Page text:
A Murky Eight Years

The myths of HSPD-12 compliance

It has been eight years since President George W. Bush signed Homeland Security Presidential Directive 12 (HSPD-12) into law and four years since its compliance deadline. Since that time much has happened, yet one constant has remained: a lack of clarity on what true compliance with this directive requires.

HSPD-12 was issued as a call to improve physical and logical access control systems through the application of government-wide standards. Rather than employing proprietary architecture that would limit access control to an individual facility and its infrastructure, HSPD-12 called for access control interoperability among all government-run facilities, along with improved security, scalability, validity and efficiency for the system on an enterprise-wide basis.

The backbone is the personal identity verification card as outlined by Federal Information Processing Standard 201 (FIPS-201). The playbook that outlines how physical access control manufacturers can comply with HSPD-12 is found in the National Institute of Standards and Technology’s Special Publication 800-116. This is a must-read for any vendor or end user involved in complying with HSPD-12. Additionally, in early 2011, the Office of Management and Budget issued Memorandum 11-11, which created further guidelines and deadlines for agencies to reach compliance.

Compliance Myths

Eight years into the process, there is still confusion about what a federal agency needs to do to be compliant with HSPD-12. The truth is, there are many myths surrounding compliance. It behooves manufacturers, integrators and those using a physical access control system to educate themselves on what needs to be done to comply with the government-issued mandate.

One basic step toward compliance with HSPD-12 is to use a PIV card to unlock a door in a federal facility. However, in order to do that, the PIV card must be registered into the PACS that controls who can go where and when. There are several steps that should be taken prior to registering a PIV card into a PACS. First, you need to ensure that the PIV card is an authentic PIV card—not a clone or forgery. Second, you need to know that the person presenting the PIV card is truly the card owner by performing a biometric comparison. Third, check that the PIV card has not been revoked by the agency that issued it. Once these criteria have been met, registration may commence.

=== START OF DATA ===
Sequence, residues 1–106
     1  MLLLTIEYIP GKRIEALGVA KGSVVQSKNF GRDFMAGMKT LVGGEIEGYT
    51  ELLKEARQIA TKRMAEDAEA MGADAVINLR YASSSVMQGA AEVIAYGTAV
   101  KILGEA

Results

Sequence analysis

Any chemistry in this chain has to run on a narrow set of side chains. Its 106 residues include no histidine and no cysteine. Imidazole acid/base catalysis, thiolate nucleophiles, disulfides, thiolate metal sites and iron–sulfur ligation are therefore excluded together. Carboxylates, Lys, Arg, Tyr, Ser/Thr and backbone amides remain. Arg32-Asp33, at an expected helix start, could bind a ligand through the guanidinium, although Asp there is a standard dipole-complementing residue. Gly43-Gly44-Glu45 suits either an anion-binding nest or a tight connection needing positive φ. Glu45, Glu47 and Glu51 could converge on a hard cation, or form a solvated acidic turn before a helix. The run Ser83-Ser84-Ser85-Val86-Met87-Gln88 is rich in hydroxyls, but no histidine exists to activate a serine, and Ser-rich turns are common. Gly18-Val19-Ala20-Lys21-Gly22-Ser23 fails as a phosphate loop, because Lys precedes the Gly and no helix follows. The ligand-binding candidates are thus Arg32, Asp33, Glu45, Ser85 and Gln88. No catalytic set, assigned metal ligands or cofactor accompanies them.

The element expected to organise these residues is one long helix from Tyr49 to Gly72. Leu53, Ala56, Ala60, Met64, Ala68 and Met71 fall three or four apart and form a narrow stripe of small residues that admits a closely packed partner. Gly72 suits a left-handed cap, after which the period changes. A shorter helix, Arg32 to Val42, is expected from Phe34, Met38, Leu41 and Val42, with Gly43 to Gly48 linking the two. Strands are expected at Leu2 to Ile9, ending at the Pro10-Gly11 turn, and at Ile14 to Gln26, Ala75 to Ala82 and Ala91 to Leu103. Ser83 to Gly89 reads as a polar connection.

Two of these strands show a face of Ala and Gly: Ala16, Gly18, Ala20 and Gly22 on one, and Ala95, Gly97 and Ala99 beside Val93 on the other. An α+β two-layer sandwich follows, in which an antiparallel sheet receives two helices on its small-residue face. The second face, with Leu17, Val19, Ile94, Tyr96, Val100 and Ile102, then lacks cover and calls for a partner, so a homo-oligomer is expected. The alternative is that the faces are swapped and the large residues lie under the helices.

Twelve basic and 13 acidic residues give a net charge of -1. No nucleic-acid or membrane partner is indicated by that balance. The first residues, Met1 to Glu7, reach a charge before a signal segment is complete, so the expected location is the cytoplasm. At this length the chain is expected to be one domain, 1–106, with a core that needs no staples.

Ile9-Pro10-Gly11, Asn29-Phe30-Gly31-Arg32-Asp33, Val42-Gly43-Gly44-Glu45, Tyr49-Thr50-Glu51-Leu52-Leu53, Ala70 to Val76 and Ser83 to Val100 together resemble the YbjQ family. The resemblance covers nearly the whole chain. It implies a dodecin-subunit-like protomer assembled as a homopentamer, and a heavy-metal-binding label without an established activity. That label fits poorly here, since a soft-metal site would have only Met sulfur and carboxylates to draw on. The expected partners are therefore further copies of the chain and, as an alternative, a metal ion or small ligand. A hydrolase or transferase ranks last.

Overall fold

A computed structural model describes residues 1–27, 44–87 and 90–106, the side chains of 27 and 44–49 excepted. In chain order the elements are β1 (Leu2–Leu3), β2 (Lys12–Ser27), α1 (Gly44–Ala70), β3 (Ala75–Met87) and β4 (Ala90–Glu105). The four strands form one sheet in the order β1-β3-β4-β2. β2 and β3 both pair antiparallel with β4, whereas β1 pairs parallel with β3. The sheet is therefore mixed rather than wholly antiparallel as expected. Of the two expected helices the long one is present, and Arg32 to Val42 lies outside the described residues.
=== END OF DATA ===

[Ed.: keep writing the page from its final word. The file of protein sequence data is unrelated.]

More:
Thus consider Myth No. 1: It is acceptable to read the PIV card Federal Agency Smartcard Number (FASC-N) on a proximity reader and copy and paste the number into the card number field in a PACS card holder record.

This may be a “means to an end”; however, doing so gives no way of knowing if the card is authentic, whether the card actually belongs to the card holder or if the card was revoked by the agency that issued it. If any of these issues are faced, should the card be registered? Of course not!

PIV and PIV-I credentials are nothing more than expensive proximity cards if the PACS has no way to verify their authenticity, revocation status and that the person presenting the credential is the one to whom the credential was issued.

Myth No. 2: If the PIV card has been proven authentic and the cardholder is truly the card owner, there’s no need to re-check the certificate revocation list.

The certificate is defined in FIPS-201 as a data object containing a subject identifier, a public key and other information, which is digitally signed by a certification authority. Certificates convey trust in the relationship of the subject identifier and the public key. The public key is used to verify the authenticity of the credential. If the public key is not signed by a trusted issuer, then it can’t be trusted; thus, the credential cannot be trusted.